Oliver painted Joaquin with Hendrix and other role models. Photo by Susan Stocker, South Florida Sun-Sentinel
We're still seething from the moment in Wednesday's House gun control hearing when GOP Florida douchebag, Trump fan and drunk driver Rep. Matt Gaetz started blathering the greatest danger facing us isn't our insane arsenal of firearms but "illegal aliens" - 786th note to racist jackasses: no human is illegal - and we need a wall to be safe not these no-brainer background checks the vast majority of Americans, in fact, support. This, at the first legislative gathering to address gun violence in over eight years - attended by all 24 Democrats and five of 17 Repubs - even though there's a shooting nine out of ten days in America affecting about 100 people a day, with nearly 40,000 Americans dying from guns in 2017, a 40 year-high. Despite that all-American carnage, Republicans kept spewing garbage denials; they were topped by Gaetz jabbering "the greatest driver of violence (was) not the firearm,” so yeah, go wall.
Gaetz' prompted outrage in the roomful of young March For Our Lives activists, and in two outspoken fathers of Parkland victims - Fred Guttenberg, whose 14-year-old daughter Jaime was killed, and Manuel Oliver, who lost his 17-year-old son Joaquin, known as "Guac." When Oliver stood and shouted back, Gaetz issued his appalling ejection threat. Oliver, of course, has seen much, much worse. A 51-year-old Venezuelan immigrant and graphic artist, he has spent the year since his son's murder engulfed in grief, anger, and a fierce never-again resolve to turn his loss into change, using the power of art to advocate for "a new generation of dead kids." He has painted scores of murals, held die-ins, testified often in D.C., and organized voter registration drives - "Just Fucking Vote." In all, "I'm being as rebellious as democracy is letting me be.”
From the moment he heard his son was dead, Oliver vowed he wouldn't allow him to be a mere victim: "Joaquin was going to be the voice." He and his wife Patricia quickly formed Change the Ref, an advocacy group using urban art and "nonviolent creative confrontation" to expose the horror of gun violence and the complicity of NRA-bought politicians. Its goal: To give young survivors "a disrupting voice to help lead the way to change." The name comes from Joaquin just before he was killed; ejected from a basketball game for disagreeing with a biased referee's call, he said: "Dad, we need to change the ref if we are looking for a fair game.” One of Oliver's early, most-publicized actions was painting, with broad, furious strokes, his first mural: An image of Joaquin with, "WE DEMAND A CHANGE" in huge black letters.
That first mural launched “Walls of Demand,” a series of installations, half performance art and half gun-control rally, he has staged around the country, usually in politically strategic places, including at Smith and Wesson headquarters. For what would have been Joaquin’s 18th birthday in August, he went to NRA headquarters with about 1,000 supporters; over the shouts of protesting and often armed gun freaks, he painted a massive Joaquin, 17 birthday candles for Parkland's 17 victims, an extra candle for his son, and the words, “We demand to blow out our candles.” Then he took a hammer and knocked a hole through each flame. Despite what many people believe, Oliver says his murals are not cathartic and do not ease his pain; he feels they simply "give a voice to Joaquin." “I can be sad or I can fight," he says. "This is not me being an artist. This is Joaquin being an activist.”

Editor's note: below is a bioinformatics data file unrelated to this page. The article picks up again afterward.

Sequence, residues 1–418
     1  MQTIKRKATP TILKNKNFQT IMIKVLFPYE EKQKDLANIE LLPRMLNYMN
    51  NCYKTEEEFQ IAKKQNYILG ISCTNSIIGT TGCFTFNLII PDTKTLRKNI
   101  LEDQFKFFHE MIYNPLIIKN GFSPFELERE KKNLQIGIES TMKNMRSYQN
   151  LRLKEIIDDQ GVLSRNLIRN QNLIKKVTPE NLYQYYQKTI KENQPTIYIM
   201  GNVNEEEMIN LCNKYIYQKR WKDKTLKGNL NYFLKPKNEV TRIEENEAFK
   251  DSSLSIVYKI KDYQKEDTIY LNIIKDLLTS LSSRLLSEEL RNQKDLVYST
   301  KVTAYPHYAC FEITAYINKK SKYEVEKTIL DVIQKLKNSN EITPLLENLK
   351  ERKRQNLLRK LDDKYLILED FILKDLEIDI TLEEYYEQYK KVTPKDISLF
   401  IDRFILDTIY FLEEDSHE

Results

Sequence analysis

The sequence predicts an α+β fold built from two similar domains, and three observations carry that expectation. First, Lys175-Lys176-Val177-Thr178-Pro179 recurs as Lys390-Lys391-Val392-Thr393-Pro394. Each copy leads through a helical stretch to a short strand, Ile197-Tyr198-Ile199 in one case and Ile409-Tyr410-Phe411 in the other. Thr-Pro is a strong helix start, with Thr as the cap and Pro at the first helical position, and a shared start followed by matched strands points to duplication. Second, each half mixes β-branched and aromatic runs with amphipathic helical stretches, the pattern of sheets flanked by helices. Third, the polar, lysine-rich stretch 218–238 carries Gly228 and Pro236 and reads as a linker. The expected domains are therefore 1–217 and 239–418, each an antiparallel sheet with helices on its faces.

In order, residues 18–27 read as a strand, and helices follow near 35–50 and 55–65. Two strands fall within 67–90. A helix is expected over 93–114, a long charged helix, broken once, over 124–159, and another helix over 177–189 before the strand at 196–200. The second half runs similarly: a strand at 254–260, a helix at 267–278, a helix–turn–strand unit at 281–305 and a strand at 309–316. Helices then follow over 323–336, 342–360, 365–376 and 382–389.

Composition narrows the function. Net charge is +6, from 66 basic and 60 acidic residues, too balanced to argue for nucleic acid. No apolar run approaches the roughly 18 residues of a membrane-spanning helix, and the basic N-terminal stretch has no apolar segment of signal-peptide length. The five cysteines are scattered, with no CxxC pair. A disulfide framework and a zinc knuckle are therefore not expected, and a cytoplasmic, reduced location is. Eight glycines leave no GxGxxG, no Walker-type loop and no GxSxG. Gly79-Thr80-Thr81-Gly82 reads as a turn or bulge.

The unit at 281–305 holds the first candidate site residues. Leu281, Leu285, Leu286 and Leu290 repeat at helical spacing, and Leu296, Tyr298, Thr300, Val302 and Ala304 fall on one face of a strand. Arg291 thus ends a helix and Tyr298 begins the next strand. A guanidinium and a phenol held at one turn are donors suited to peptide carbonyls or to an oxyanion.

Oliver's work was featured in a tribute exhibit “Parkland 17" sponsored by NBA star Dwayne Wade, who was such a hero to Joaquin his family buried him in a Wade jersey. He has painted Joaquin in a timeline that abruptly stops, and in the company of other activists Oliver views as role models. He recently painted a scathing mural on Tijuana's border wall with Mexico; it reads, in Spanish, "On the other side, they also kill our children." In D.C. he staged a chilling die-in: Amidst a crowd of participants in Joaquin masks and a life-size Joaquin statue, Oliver hefted a megaphone and called out lawmakers: "Where are your children? Are they safe? You want to talk about a national emergency? Here's one - you're killing us."
In his most gut-wrenching action, he just performed a mock stand-up set after Louis C.K., in a new low, mocked the Parkland students' activism. In the video, Oliver puts up posters - “Murdering Innocent Children Comedy Night” - before taking the stage and describing the last time he saw his son. “You guys ever heard dead baby jokes? I got a dead baby. His name was Joaquin Oliver. He was gonna be 18. But now he’s dead.” Pause. “And that’s not a joke.” Then he walks off the stage. This week, Oliver said his rage at the hearing, like his unrelenting labors since Parkland, come from the same place - as a heartsick father - and have the same message: "Remember our son." This summer, he painted a mural featuring Joaquin in his knit cap alongside activist Emma Gonzalez, Jim Morrison, Jimi Hendrix and other notables; above them, big red letters read, “WE DEMAND.” Why put Hendrix and Joaquin together, he was asked. “Because everyone is a rock star."
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Joaquin's time line, suddenly stopped
Along the southern border. @AFPphoto by @GmoAriasC
Joaquin and Joaquin-masked supporters at D.C. die-in